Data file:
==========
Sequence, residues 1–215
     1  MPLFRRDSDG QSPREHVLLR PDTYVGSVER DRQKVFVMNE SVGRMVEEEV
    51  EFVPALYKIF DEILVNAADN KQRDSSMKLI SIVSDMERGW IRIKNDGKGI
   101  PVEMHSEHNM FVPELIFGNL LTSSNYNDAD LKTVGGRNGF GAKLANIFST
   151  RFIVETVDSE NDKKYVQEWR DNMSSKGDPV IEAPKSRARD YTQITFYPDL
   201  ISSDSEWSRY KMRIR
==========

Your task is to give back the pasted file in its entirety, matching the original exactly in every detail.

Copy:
Sequence, residues 1–215
     1  MPLFRRDSDG QSPREHVLLR PDTYVGSVER DRQKVFVMNE SVGRMVEEEV
    51  EFVPALYKIF DEILVNAADN KQRDSSMKLI SIVSDMERGW IRIKNDGKGI
   101  PVEMHSEHNM FVPELIFGNL LTSSNYNDAD LKTVGGRNGF GAKLANIFST
   151  RFIVETVDSE NDKKYVQEWR DNMSSKGDPV IEAPKSRARD YTQITFYPDL
   201  ISSDSEWSRY KMRIR